That said, with all alternative investments, there are risks as well as costs to consider before pouring your money into the wine market. Here are some basic tips:
Selecting The Right Wine
Most investor-grade wines are produced in France’s Bordeaux region. Investors are looking at wines that have been well reviewed and have a long trading history. According to experts, high-end Bordeaux holds up better in price when the overall wine market begins to fall.
Some of the most popular investor grade-Bourdeaux wines come from the Mouton Rothschild, Latour and Margaux chateaux.
Charles Curtis, director of North American wine sales at Christie's, says that wine from other regions such as Burgundy and Champagne are gaining popularity with investors, as well as wine from certain areas in Italy, like Barolo and Barbaresco from the Piemonte region and Brunello di Montalcino from Tuscany.
Know What You’re Buying
A really good review from a well-known wine critic can make that wine “shoot up in price right away,” according to Lazar. Investors generally are looking for a wine that scored 95 points or more from a reviewer.
Experts suggest researching the wine you plan to buy thoroughly. Sokolin recommends subscribing to wine review sites from influential critics like Robert Parker (robertparker.com) and Allen Meadows (burghound.com,), whose specialty is Burgundy. In addition to Parker, Lazar recommends reading reviews from British critic Jancis Robinson (jancisrobinson.com.)
Cost Of Entry
The price of a case of investment-grade wine can vary, but experts say an investor can get 12 bottles of good wine in a wooden crate for roughly $5,000.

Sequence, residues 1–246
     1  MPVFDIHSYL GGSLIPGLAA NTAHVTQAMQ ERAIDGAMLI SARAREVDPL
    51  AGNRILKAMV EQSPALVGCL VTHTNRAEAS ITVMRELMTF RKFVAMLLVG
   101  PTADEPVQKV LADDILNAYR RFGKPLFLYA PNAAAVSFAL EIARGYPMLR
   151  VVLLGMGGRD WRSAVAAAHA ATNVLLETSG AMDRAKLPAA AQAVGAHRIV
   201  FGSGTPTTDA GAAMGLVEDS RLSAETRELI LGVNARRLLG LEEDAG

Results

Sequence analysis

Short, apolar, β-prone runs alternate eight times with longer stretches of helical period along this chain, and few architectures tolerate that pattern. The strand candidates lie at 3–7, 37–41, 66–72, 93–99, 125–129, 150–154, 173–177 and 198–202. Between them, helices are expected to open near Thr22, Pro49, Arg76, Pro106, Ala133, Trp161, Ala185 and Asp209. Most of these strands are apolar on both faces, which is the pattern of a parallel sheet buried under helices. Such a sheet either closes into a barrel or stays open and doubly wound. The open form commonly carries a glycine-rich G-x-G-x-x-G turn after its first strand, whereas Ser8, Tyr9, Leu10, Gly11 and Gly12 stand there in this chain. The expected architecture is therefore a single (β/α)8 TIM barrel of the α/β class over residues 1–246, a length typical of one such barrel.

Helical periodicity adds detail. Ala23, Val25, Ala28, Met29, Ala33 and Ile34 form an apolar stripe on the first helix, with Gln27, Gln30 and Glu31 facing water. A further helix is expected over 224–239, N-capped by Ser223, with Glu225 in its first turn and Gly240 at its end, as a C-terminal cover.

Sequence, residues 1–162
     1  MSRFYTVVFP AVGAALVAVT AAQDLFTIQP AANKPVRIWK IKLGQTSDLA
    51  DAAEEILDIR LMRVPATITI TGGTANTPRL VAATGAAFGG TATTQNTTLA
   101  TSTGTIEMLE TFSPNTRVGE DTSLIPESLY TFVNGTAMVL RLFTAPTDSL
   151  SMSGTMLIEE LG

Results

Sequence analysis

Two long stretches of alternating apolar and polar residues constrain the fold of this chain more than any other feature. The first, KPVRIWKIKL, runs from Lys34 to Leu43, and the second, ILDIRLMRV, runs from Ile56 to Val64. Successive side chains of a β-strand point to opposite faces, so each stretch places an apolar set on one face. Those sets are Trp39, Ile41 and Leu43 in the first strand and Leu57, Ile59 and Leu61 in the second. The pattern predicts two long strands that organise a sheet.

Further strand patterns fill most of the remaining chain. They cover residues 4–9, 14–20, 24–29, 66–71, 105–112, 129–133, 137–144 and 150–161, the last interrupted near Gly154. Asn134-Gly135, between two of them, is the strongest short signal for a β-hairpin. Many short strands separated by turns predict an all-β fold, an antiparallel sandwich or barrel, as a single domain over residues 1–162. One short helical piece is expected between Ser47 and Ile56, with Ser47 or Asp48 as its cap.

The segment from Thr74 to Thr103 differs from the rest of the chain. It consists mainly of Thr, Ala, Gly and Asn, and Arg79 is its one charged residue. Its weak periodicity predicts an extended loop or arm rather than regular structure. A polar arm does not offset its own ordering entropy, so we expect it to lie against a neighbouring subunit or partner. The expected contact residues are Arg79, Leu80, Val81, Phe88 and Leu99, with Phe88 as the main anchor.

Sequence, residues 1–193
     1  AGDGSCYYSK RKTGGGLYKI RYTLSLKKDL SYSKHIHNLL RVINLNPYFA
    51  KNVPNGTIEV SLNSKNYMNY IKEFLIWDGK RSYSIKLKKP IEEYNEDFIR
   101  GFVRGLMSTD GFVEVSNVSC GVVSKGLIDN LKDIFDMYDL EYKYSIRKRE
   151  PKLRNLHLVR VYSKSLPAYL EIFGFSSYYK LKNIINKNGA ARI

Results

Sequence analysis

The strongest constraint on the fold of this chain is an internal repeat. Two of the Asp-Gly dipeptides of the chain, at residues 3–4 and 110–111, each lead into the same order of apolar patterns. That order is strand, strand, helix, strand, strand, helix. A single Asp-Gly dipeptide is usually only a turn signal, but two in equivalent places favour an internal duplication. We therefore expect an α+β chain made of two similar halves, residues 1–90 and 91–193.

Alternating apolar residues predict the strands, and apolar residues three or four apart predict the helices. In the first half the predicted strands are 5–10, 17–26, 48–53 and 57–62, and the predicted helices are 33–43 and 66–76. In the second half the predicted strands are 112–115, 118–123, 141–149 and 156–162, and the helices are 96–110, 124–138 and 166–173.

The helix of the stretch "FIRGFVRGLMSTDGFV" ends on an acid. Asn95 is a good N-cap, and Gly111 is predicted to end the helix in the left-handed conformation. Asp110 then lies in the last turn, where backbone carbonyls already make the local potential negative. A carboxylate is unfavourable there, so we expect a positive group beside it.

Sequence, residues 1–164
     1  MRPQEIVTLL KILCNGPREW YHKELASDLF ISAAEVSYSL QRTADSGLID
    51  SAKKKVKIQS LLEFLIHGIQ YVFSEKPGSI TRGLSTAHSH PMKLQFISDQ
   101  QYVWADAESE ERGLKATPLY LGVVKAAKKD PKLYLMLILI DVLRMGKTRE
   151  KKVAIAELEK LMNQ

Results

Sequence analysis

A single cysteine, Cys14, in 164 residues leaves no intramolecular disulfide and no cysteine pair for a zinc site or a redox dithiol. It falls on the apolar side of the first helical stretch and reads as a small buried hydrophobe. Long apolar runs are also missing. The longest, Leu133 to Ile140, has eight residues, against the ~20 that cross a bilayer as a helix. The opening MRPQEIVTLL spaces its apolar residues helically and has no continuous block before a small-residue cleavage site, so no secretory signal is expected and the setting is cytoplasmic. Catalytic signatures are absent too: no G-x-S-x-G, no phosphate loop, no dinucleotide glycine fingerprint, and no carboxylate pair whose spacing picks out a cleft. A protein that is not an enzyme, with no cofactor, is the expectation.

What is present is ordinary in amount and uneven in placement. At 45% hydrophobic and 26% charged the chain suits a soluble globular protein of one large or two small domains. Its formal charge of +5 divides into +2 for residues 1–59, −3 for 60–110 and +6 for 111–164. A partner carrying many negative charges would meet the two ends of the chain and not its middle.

“Wine is a very cheap collectible,” says Lazar, compared to say, art work. Wine collecting, he says, can get you more for your money.
“A million dollars will buy you a substantial amount of wine,” he says, while in some cases a million dollars at an art auction can get you just one piece of work.
If you’re planning to make a profit out of your collection, it needs to be kept in excellent condition. “Investors will pay up for bottles that are pristine,” said Lazar.
That means keeping the wooden crate in your home cellar or renting an out-of-home wine storage facility that keeps the wine at the right temperature and is thoroughly secured.
Keep in mind that there are costs involved to starting a wine collection. Since bottles can break or get damaged in a flood, experts recommend insuring the collection.
“Many people don’t realize their homeowners insurance have exclusions for perishable goods and food items,” says Katja Zigerlig, AVP, wine insurance for the private client group at Chartis.
Zigerlig says investors should check their current home insurance policies, and take out a policy to protect against any damage against their collection if they're not covered.
And if you don’t have a cellar at home, you’re going to need to store the collection at a wine warehouse that will charge you a monthly rate for each crate.
“Wine investing is not for someone with a day trader mentality,” says Sokolin. On average, investment-grade wine needs to be held for a minimum of five years before being sold. The longer wine is held, the more its value will increase.
“As other people consume their bottles yours becomes scarcer,” says Lazar.
Gibbs adds that wine prices can mature after 25 years, and then begin to fall, though there are some wines that were made in certain time periods--like 1945 and 1961--that some might say are still not fully mature yet.
Patience is key.
“This is for someone who wants to preserve wealth and see their wealth increase in the long run,” says Sokolin.